If you search for the word “Leadership” online, you will get 37,000,000+ results. In addition, there are countless books and seminars on the subject of Leadership, yet our thirst for insight about leadership remains unquenched. Is it because people everywhere are searching for guidance on what great leadership looks like? Could it be that people in leadership positions want to be better at it? Or is it because we sense there is an absence of leadership in our world today? Whatever the reason, it seems there are a lot of questions about leadership so here are a few thoughts on the subject:
Leader vs. Manager
I’ve often heard the term “manager” and “leader” used interchangeably when in fact, they are very different things. General (USA-Ret) Colin Powell once said,
“Leadership is the art of accomplishing more than the
science of management says is possible”.
A manager, is a person whose job is to deliver results with the resources they have while looking for ways to improve (better, faster, cheaper, etc.). In contrast, a leader is a person whose job is to change the momentum of an organization, and take it to a different, better place than it is currently in.
The Key to Success
Whether the organization is big or small, public or private, military or commercial, or even non-profit, Leadership is often the difference between success and failure. While markets, products, services and business models may differ, the need for Leadership is essentially the same. The leader is responsible for setting the tone, determining the course and challenging the team to be the very best they can be. If the leader doesn’t do these things, who will? The leader is at the top of the organization for a reason: Everyone is looking to that person to tell them where they’re going and why.
In addition to setting the tone and direction for an organization, it is also the leader’s job to take action when necessary. Many troubled organizations are floundering not because the leader did the wrong thing, but because they did nothing. Perhaps it’s fear of doing the wrong thing, or belief that they need every piece of information before making a decision. No matter the reason, a leader’s failure to act is tantamount to putting your head in the sand and hoping things get better. Former President Teddy Roosevelt said,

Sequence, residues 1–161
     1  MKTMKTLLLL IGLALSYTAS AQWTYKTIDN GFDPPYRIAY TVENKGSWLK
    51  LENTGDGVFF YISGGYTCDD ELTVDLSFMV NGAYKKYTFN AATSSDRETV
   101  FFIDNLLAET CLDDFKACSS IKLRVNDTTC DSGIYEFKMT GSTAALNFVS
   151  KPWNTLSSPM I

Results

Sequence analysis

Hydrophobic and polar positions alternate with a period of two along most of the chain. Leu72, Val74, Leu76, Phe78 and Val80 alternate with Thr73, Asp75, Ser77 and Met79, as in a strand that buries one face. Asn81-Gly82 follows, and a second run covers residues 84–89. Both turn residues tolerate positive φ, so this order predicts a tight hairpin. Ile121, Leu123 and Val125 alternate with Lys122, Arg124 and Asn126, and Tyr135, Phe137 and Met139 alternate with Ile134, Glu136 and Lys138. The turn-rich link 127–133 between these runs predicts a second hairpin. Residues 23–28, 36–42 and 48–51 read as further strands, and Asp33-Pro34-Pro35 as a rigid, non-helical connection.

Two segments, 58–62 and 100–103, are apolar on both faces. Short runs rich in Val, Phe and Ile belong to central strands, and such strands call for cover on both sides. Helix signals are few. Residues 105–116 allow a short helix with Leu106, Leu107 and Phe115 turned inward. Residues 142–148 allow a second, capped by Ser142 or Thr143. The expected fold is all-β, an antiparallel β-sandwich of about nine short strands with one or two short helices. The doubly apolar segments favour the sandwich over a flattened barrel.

“In any moment of decision, the best thing you can do is the right thing,
the next best thing is the wrong thing, and the worst thing you can do is nothing.”
Leaders can talk and meet and discuss but if they don’t “do” anything, they aren’t doing their jobs.
Brian Gora | Speaker & Consultant, Conversion-omics
Brian Gora is a former US Army aviation officer, combat veteran, business owner and career Fortune 500 global senior executive. He’s a respected business expert who combines years of military experience and a career in executive leadership to inspire all levels of leaders. Brian’s real-life experience fuel his passion for strategic business and leadership development and has brought his intentional approach to organizations throughout the world. He led large companies and served as a chairperson/board member on multiple international ventures. Brian uses his unique, multi-dimensional global perspective to shape creative and innovation business solutions for organizations of all sizes.
Contact Brian today to start working on your strategic plan!